He said he does not even consider himself disabled. O'Malley said everyone has something that could hold them back.
"Just some are more visual," O'Malley said. "We all have things we need to achieve in spite of. I am a testament to that. The message I hope people take away from this is that there is nothing more powerful than the will of the human spirit. The only limitations are the limitations in your own mind."
He said his disability has shaped and molded him "in profound ways," teaching him love, compassion, forgiveness and determination.
"I keep building my own success in my personal life to establish the kind of world I want to be a part of," O'Malley said. "I eagerly anticipate what awaits me in the future."
The next stop for O'Malley is a little rest. He is taking a year off before entering law school, where he plans to pursue equine law.
He said he has a "true passion" for horses and the horse industry. From the age of 2 he has ridden horses and said the animals and his therapeutic riding instructors gave him opportunities such as increased mobility, lasting friendships and a support system he would never have had without them. He said the equine community is a "wonderful group" and he is "blessed and humbled to be a part of their lives."
His love of horses is what endeared him to Bolen. She said it was a shared passion between them. However, she said as she tutored him in middle and high school math, their friendship grew.
"It is a gift to me to be his friend, I'm not sure how it happened, but it did," Bolen said. "It is a blessing and a gift."
O'Malley said the same thing.
"She is like a second mother to me, so compassionate," O'Malley said. "She has been there for me through it all and I am humbled and honored to have her be a part of my life."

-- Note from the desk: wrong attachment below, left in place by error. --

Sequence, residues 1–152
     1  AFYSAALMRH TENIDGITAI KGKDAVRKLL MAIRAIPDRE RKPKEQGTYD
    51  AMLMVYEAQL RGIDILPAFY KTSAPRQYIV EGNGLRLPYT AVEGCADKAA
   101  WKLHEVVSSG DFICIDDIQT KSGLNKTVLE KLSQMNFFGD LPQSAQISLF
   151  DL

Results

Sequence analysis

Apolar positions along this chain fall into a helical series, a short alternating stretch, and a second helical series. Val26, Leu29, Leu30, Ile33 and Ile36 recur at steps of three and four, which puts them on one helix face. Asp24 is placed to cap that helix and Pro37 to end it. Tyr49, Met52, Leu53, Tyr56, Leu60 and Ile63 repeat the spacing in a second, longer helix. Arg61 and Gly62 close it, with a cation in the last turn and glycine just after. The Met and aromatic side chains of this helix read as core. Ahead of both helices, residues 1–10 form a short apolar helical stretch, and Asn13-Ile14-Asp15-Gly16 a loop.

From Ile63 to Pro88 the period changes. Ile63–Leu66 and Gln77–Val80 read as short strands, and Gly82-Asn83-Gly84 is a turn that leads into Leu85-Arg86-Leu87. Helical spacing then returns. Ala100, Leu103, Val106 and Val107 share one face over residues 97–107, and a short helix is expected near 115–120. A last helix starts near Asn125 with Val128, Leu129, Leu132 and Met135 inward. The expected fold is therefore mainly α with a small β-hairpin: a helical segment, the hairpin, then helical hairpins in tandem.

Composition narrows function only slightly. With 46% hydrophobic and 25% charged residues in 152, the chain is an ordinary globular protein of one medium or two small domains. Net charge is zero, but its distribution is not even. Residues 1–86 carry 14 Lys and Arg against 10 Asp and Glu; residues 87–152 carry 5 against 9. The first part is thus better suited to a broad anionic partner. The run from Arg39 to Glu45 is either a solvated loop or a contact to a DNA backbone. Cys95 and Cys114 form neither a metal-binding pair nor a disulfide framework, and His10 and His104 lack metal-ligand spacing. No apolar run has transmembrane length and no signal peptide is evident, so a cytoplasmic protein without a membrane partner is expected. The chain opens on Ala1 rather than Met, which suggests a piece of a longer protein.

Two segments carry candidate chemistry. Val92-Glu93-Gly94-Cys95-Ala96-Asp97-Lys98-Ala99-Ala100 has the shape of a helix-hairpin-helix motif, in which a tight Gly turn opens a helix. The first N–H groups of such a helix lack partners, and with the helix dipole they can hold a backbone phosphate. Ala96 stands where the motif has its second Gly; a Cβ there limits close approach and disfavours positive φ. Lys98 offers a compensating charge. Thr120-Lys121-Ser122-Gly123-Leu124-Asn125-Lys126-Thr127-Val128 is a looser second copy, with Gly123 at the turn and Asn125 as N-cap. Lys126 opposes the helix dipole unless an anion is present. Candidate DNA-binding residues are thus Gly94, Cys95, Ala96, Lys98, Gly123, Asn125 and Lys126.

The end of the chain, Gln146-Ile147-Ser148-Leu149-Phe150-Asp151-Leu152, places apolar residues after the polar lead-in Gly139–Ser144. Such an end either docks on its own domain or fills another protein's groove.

In addition to his parents and Bolen, McCullough, history professor Clarence Wyatt and Herron Woods riding instructor Julie Congelton were inspirations to O'Malley. He said he was challenged by them.
He also wanted to become a better person and better the world through his classes, particularly Wyatt's class exploring America's involvement in Vietnam.
"It was particularly fascinating considering the cultural context we presently find ourselves in," O'Malley said. "We can revisit history and discern where we've been, and more importantly, where we're going. We've come of age under the auspices of terrorist activity. It allows us a period of critical self reflection so that we can create the kind of world we would like to see."
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Founded in 1819, Centre College is ranked among the U.S. News top 50 national liberal arts colleges. Centre alumni, known for their nation-leading loyalty in annual financial support, include two U.S. vice presidents and two Supreme Court justices. For more, visit http://www.centre.edu/web/elevatorspeech/